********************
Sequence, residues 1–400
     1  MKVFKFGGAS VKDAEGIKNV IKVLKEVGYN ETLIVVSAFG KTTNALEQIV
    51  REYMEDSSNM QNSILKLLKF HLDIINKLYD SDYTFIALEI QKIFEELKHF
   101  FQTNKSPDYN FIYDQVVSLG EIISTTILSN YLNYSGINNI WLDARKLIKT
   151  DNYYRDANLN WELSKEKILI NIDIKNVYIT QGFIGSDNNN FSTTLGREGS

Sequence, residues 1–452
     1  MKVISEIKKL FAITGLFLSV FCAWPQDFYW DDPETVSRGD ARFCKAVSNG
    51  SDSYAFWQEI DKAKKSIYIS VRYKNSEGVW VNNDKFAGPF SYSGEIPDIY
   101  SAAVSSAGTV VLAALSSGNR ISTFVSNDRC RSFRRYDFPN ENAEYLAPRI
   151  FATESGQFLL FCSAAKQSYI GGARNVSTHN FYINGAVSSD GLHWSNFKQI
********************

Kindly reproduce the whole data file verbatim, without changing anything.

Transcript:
Sequence, residues 1–400
     1  MKVFKFGGAS VKDAEGIKNV IKVLKEVGYN ETLIVVSAFG KTTNALEQIV
    51  REYMEDSSNM QNSILKLLKF HLDIINKLYD SDYTFIALEI QKIFEELKHF
   101  FQTNKSPDYN FIYDQVVSLG EIISTTILSN YLNYSGINNI WLDARKLIKT
   151  DNYYRDANLN WELSKEKILI NIDIKNVYIT QGFIGSDNNN FSTTLGREGS

Sequence, residues 1–452
     1  MKVISEIKKL FAITGLFLSV FCAWPQDFYW DDPETVSRGD ARFCKAVSNG
    51  SDSYAFWQEI DKAKKSIYIS VRYKNSEGVW VNNDKFAGPF SYSGEIPDIY
   101  SAAVSSAGTV VLAALSSGNR ISTFVSNDRC RSFRRYDFPN ENAEYLAPRI
   151  FATESGQFLL FCSAAKQSYI GGARNVSTHN FYINGAVSSD GLHWSNFKQI